Antill went to extreme lengths to capture the true essence of the real event. Listeners will hear a large modern orchestra, but with the addition of some unusual percussion instruments, including one called "the bull roarer" or the "thunder stick". The other composition on this record is the "Suite" from the ballet "Panambi", composed by the Argentinean, Alberto Ginastera, when he was only 20. It is based on a South American Indian legend.
The original Everest pressing was famous in its day, and it is still good enough to impress listeners today. This reissue by Classic, not DCC, is considerably better. It has an upfront perspective and is very immediate. The soundstage is large. The dynamic contrasts can only be described as "explosive". The transients are sharp and clean. There is also body to the instruments. There is some tape hiss which is audible, but it's not obtrusive. This record just misses the top two classes. The sonics are equally good on both sides, but the Corroboree is more memorable because of the nature of the music. I highly recommend this reissue, for both the interesting music (on both sides) and the outstanding sonics.Top
Decca/London's operatic recordings, on an engineering level, are by far the finest ever made. This is one of their best. It is a modern work, so there won't be "famous arias" or even a small amount of lyricism. The sound is stupendous, especially of the orchestra, but the voices are also excellent. It is at least as good as HMS Pinafore, probably even better, since the orchestral scoring is more demanding in the Britten, and there is also a greater sense of purity and immediacy.
Of course, the two operas only other similarity is that they are both set on English warships at sea. One is a very light, satirical comedy with a "Hollywood ending", while the other is a brutal and depressing drama, sadly based on a true incident, that many would understandably prefer to forget as soon as it's over. I've only heard Dutch pressings of this recording, but I assume the English pressings are also outstanding.
Another stupendous Britten Opera recording, and it may even be better than the Billy Budd listed previously. The sound is extremely immediate and pure, and it has a very low sound-floor too. It is a contender for top honors.
I've compared different pressings, and the late English and Dutch are a little better than the 1973 originals, which are still superb. I wouldn't be surprised to discover that Benjamin Britten was an audiophile, considering how many of his recordings, with Decca/London, have such extraordinary sound. This 3-LP album isn't yet in demand (the Opera's scenario is another "Plague").
Lakme has had a unique and strange history. First it was famous for "The Bell Song" (Side 4). Now it is even more famous for the duetto used in the British Airways commercial (Side 1). This particular recording has been popular for 35 years.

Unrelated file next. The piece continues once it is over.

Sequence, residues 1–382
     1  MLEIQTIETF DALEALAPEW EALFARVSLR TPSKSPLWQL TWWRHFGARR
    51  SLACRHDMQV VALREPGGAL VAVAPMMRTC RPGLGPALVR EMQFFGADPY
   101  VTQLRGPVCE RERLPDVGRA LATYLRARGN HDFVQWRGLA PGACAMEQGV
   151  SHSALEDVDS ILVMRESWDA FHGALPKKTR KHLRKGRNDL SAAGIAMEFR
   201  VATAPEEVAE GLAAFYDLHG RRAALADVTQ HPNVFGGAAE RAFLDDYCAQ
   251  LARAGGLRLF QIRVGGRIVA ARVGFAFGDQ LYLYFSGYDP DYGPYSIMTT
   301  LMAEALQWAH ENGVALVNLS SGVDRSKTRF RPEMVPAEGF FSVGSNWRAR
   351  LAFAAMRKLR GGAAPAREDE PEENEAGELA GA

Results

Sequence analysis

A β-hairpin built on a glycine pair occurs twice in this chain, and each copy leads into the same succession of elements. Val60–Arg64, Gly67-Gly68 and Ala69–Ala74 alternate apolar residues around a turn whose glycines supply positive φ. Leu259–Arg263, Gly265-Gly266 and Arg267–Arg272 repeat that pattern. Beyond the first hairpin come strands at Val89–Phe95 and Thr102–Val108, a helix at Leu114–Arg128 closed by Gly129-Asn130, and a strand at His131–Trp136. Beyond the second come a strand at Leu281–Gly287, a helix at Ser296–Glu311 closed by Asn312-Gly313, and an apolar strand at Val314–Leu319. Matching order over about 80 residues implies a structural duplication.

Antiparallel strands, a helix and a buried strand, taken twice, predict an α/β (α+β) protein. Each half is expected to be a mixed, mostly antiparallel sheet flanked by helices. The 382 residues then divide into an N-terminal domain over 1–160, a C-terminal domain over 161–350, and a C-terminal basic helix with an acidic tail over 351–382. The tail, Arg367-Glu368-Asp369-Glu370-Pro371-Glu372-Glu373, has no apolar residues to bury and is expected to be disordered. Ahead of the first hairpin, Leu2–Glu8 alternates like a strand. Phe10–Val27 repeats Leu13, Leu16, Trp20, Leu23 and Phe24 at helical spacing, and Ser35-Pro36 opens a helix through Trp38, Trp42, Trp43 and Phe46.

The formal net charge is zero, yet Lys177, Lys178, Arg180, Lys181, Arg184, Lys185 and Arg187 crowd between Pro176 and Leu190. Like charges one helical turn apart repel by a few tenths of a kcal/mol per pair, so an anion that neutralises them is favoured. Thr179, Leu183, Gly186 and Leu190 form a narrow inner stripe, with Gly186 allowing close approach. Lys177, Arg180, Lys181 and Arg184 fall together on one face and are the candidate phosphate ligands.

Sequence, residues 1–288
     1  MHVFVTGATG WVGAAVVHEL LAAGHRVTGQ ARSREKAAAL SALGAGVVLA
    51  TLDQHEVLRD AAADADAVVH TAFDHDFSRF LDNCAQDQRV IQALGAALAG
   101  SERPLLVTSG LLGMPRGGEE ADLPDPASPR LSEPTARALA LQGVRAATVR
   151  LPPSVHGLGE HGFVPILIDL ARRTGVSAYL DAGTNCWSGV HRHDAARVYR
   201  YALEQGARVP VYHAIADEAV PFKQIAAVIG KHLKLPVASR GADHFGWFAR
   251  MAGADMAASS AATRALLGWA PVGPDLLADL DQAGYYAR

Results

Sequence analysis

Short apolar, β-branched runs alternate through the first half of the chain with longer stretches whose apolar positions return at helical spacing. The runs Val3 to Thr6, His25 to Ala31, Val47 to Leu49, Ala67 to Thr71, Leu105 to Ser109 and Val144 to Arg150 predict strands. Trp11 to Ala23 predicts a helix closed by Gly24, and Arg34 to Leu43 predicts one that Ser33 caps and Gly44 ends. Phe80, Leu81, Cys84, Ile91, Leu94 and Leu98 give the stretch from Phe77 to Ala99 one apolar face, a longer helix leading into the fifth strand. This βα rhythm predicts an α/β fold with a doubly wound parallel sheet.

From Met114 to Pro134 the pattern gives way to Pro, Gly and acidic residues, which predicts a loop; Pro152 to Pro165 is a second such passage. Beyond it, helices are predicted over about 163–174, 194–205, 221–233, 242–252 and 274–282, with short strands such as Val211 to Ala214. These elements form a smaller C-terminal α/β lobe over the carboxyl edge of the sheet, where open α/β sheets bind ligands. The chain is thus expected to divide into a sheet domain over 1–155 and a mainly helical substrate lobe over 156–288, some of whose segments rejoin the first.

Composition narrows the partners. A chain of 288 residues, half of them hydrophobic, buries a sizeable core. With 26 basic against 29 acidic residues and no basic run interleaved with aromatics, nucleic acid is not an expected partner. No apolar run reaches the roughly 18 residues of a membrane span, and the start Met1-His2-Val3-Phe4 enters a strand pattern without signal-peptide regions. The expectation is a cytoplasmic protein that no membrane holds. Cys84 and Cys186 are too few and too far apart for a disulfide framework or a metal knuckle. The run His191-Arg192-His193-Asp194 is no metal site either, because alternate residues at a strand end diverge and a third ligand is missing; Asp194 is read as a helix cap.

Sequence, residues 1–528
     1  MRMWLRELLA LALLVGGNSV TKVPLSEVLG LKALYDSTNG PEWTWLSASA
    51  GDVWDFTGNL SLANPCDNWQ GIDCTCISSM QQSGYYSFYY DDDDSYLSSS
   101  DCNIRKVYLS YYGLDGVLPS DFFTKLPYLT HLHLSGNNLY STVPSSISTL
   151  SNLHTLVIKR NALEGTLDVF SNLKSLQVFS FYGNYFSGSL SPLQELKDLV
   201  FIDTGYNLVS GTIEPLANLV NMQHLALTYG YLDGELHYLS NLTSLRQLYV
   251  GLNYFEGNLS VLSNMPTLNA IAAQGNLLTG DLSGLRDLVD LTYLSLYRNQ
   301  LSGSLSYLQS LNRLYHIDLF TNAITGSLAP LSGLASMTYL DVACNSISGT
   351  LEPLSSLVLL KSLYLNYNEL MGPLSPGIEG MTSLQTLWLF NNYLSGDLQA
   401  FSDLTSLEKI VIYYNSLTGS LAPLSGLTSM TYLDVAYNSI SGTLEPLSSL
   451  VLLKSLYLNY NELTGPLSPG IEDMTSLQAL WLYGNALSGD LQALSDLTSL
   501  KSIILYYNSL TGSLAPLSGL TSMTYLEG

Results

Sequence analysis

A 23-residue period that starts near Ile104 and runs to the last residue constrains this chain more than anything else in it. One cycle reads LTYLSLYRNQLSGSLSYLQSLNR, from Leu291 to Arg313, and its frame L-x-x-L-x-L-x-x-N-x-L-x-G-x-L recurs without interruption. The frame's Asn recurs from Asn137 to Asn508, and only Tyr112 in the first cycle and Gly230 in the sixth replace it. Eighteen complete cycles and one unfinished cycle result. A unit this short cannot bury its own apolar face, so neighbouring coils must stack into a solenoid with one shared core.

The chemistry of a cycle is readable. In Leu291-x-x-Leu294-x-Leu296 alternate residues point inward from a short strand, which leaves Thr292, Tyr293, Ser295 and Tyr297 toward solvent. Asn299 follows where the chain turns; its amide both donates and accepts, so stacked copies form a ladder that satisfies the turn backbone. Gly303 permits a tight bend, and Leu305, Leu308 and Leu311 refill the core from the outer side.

The sonics are stunning, and are similar in quality to the two Britten operas above. It is very clean, immediate, detailed and natural. It has that rare "alive" quality. The space and atmosphere are also well captured. The Dutch pressings have these qualities, while the earlier English, both Decca and London, are more veiled and homogenized. I haven't heard a Late English at this time.
The only problem I have heard is an occasional, slight strain on some voices. Other than that, it is the equal to virtually anything. This opera may even appeal to those who aren't "opera freaks". There are interesting melodies, exotic orchestration and outstanding sonics.
The German composer, Richard Strauss, was fascinated by Ancient Greek culture. In this opera, The Egyptian Helen, he combines the two Helen legends, including Helen of Troy. It is basically a psychological drama, focusing on the reconciliation of Helen with her husband, after the death of her lover, Paris of Troy.
The sonics of this recording are stunning, and it's even a serious contender for the best ever opera recording. (It ended up coming in Second place to Don Quichotte.) It excels in every area, and the voices are superbly captured. The recording was made in 1979, near the end of analog for Decca, so there were only Late English and Dutch pressings. I have only heard the Dutch, but I assume the English are in the same class. This was the first recording of the opera. This (3LP) album won't sell for a premium.
THE STRAUSS/SOLTI OPERAS: There are two other Richard Strauss operas, both directed by Georg Solti, that are justly famous, and they almost make this list. Their sonics are still excellent indeed. They are Salome (Decca SET 228/9 & London OSA 1218), which was one of Decca's earliest stereo opera recordings, and Elektra (Decca SET 354/5 & London OSA 1269), recorded a few years later.
Both albums feature the now late, incomparable, dramatic soprano, Birgit Nilsson. These are both relatively short (2 LP) and very intense modern operas, to the degree of being "savage". These operas were actually censored early in the 20th Century. No opera cast, performing today, can equal the celebrated achievements of these two opera sets.Top
The music on this LP is hard to describe. It is a combination of jazz and ethnic music, with guitar, oboe, sitar and tabla etc. The sound is incredibly immediate, clean, fast and explosive and with astounding inner detail.
The original Vanguard pressing is very good, but not in this class. Early Mobile Fidelitys change in price too often for me to be precise, but it isn't "big money". This group has at least one other LP that also sounds phenomenal and will be put on this list.